media release

Outspoken advocate for those who use drugs awarded SFU’s Sterling Prize for Controversy

August 22, 2023

As B.C.’s toxic drug crisis continues, so does the debate on how to reduce harm and save lives. For Nicole Luongo, a systems change coordinator with the Canadian Drug Policy Coalition (CDPC), that has meant supporting progressive drug policy approaches, despite criticism, while advocating for those stigmatized and marginalized for using drugs. For her ongoing work, Luongo is being recognized with the 2023 Nora and Ted Sterling Prize in Support of Controversy.

Luongo, who has a background in medical sociology and previously taught at colleges in Alberta and the Lower Mainland, has spent a decade working in solidarity with those most impacted by the intersections of drug prohibition, housing-deprivation, and disability (in)justice, including as a member of the Vancouver Area Network of Drug Users (VANDU).

Her own personal experience with the mental health system, substance use, and homelessness informs her progressive perspective to drug policy development. Her 2022 memoir, titled The Becoming, details her autobiographical reflections and academic analysis of drug use and the mental health system. 

In her role with the CDPC, which has collaborations with researchers in SFU’s Faculty of Health Sciences, Luongo advances education and advocacy supporting a legislative framework that would make all psychoactive drugs legal, safe, and government-regulated. 

She also advocates for abolishing involuntary institutionalization, a practice that permits healthcare providers to detain and admit people to hospital against their wishes, a practice she says may be expanding to include people who use illegal drugs.

Luongo explains that there are several misconceptions surrounding those who use drugs. “Not all people who use drugs are addicted to them and warrant medical intervention,” she says. 

Another misconception is that people who experience addiction need to be totally abstinent in order to recover. “Abstinence is one choice among many,” Luongo says. “The data bears out that many people successfully reduce or regain control of their drug use when their environment changes.”

Luongo asserts that investing in robust poverty reduction initiatives, affordable housing, equitable access to employment, education, mental health resources, and social supports will make the most impact in the efforts to prevent drug addiction. 

“We as a society need to recognize that people are different and just because someone is engaging in deviant behaviour or behaviour that looks anomalous, it’s not inherently indicative of illness,” she explains. “But we’ve been trained to bifurcate people into healthy and sick categories and to respond accordingly. What I’d love to see is a world that is built to be accommodating to a diversity of experiences.”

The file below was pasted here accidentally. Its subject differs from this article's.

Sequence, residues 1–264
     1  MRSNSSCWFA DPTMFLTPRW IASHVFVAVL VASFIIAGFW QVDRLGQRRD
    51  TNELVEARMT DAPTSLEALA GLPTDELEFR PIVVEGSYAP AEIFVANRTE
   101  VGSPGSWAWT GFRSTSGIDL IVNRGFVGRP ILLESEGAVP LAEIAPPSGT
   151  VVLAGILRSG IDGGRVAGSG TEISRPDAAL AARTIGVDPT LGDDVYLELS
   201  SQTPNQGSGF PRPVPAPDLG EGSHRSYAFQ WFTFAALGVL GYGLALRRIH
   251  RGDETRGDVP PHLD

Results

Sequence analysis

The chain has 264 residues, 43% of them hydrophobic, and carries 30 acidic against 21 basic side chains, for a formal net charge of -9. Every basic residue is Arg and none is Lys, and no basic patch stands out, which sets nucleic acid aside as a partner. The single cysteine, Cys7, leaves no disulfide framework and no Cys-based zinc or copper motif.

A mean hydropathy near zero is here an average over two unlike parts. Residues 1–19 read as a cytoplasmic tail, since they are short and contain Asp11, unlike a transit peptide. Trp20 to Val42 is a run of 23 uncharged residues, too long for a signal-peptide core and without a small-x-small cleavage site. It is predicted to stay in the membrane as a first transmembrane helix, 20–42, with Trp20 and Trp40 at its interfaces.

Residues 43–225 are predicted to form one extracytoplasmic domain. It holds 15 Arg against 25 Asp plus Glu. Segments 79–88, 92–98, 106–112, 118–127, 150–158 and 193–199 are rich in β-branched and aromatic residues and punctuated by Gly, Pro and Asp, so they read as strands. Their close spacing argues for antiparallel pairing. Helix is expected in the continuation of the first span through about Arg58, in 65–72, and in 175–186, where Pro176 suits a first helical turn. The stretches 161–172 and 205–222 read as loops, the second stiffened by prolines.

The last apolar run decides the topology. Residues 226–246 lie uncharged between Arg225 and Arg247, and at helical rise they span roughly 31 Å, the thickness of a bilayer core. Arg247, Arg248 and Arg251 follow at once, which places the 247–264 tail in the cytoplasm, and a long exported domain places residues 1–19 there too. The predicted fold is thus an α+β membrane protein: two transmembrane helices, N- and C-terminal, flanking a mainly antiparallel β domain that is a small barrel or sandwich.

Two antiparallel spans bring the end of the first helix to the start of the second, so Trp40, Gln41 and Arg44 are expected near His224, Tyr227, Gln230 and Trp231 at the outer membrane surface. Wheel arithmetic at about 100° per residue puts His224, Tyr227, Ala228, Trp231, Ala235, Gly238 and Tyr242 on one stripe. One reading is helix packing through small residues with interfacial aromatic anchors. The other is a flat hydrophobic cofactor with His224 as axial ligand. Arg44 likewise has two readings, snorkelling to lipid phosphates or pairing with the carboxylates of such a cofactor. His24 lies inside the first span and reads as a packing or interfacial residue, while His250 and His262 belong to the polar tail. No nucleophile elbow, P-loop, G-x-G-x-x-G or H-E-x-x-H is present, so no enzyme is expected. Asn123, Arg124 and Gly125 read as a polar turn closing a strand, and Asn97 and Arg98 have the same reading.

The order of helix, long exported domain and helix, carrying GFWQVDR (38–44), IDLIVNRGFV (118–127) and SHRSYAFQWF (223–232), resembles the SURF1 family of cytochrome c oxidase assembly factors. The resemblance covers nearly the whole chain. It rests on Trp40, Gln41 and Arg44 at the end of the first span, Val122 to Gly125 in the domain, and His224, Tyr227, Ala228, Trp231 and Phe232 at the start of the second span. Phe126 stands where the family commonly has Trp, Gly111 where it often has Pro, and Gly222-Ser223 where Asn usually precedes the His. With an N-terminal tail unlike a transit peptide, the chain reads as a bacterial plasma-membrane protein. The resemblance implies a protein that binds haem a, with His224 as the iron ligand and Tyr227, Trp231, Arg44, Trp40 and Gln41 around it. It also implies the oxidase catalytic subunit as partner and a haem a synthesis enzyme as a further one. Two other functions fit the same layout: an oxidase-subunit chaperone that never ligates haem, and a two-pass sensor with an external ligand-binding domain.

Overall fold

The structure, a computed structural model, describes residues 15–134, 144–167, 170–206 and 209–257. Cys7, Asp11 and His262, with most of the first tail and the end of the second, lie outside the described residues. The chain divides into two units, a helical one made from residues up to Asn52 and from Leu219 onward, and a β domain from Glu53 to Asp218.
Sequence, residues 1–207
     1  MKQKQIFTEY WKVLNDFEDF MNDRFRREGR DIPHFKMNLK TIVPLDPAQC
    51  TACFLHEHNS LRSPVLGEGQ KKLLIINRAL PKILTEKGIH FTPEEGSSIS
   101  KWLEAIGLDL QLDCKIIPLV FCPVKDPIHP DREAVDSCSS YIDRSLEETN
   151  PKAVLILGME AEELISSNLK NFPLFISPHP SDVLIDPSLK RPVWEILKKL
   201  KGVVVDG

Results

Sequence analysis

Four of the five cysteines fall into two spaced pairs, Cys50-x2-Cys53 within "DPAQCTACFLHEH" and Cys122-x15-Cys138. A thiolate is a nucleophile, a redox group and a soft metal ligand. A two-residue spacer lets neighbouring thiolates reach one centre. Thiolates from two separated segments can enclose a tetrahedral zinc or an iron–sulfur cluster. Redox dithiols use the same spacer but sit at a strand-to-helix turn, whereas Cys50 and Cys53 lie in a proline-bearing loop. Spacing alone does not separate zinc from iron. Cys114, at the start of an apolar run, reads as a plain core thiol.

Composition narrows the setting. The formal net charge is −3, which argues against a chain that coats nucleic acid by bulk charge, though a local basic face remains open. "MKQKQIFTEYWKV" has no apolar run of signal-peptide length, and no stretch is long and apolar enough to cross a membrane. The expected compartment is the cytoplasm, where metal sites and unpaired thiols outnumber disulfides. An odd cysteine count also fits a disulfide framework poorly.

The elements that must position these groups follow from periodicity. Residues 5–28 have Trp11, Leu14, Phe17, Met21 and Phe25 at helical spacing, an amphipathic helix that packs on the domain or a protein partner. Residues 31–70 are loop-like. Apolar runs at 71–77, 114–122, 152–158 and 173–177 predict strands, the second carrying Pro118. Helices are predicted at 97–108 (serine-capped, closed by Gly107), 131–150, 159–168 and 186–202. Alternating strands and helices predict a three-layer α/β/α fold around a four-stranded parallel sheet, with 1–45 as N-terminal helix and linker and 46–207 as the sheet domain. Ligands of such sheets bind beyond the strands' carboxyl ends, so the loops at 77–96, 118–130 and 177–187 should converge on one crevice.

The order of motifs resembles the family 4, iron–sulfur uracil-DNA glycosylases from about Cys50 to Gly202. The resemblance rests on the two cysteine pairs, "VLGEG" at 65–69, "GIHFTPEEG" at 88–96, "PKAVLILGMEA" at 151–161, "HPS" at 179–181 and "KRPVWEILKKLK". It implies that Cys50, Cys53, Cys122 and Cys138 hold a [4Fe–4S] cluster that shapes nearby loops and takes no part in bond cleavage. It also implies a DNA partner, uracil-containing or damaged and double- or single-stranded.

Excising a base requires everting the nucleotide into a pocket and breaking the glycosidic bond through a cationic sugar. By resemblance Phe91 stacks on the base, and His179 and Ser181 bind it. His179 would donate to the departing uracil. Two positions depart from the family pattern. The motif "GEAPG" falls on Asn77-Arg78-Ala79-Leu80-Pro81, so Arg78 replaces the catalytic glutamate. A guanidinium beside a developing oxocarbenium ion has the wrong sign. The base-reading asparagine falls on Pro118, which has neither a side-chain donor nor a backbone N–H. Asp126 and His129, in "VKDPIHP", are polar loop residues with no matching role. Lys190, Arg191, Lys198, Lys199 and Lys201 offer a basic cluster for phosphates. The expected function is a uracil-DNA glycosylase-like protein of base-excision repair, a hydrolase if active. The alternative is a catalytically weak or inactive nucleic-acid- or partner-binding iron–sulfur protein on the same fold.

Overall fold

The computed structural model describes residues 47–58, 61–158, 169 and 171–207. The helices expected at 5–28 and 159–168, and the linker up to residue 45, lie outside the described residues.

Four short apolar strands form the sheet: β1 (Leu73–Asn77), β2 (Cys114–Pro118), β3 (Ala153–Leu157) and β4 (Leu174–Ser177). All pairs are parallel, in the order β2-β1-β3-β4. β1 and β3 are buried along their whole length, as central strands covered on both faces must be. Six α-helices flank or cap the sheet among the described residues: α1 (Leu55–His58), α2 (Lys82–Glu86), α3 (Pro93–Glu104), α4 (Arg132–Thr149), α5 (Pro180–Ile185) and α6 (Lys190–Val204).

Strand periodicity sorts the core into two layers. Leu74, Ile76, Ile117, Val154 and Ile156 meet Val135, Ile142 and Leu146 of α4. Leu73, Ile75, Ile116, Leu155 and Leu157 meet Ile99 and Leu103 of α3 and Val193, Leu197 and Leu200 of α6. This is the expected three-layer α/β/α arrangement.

Luongo also co-facilitates a provincial working group that consists of a broad network of advocates and advocacy organizations. “We are in the process of finalizing a large policy platform that will be released in the fall and hopefully be used as an entry point into greater coalition building across sectors,” she says.

“Looking down the road we hope to introduce one or more pilot projects that are rooted in community-based and community-operated safe supply models.”

Through her advocacy work, Luongo acknowledges that change is slow and necessitates communities working together. This recognition is reflected in her decision to include community guest speakers in her upcoming public lecture. 

The event will take place on Tuesday, October 17th, at 5:30 p.m. at the Asia Pacific Hall, Morris J. Wosk Centre for Dialogue on 580 W Hastings Street.

Register for the 2023 Sterling Prize Ceremony and Lecture with Nicole Luongo here. 

The in-person event will include American Sign Language (ASL) interpretation. Live captioning will be available on mobile or for those attending virtually. A transcript and recording will be made available following the event. 

For Luongo, it is important to include and acknowledge community as she receives The Sterling Prize in Support of Controversy. “I would like the audience members to reflect on who they expect to see in certain spaces,” says Luongo. “I think there is some benefit to bringing these issues, and the people who are the faces of them, into spaces that have typically excluded them.”


NICOLE LUONGO, systems change coordinator, Canadian Drug Policy Coalition


MELISSA SHAW, SFU Communications & Marketing 
236.880.3297 | 

Simon Fraser University 
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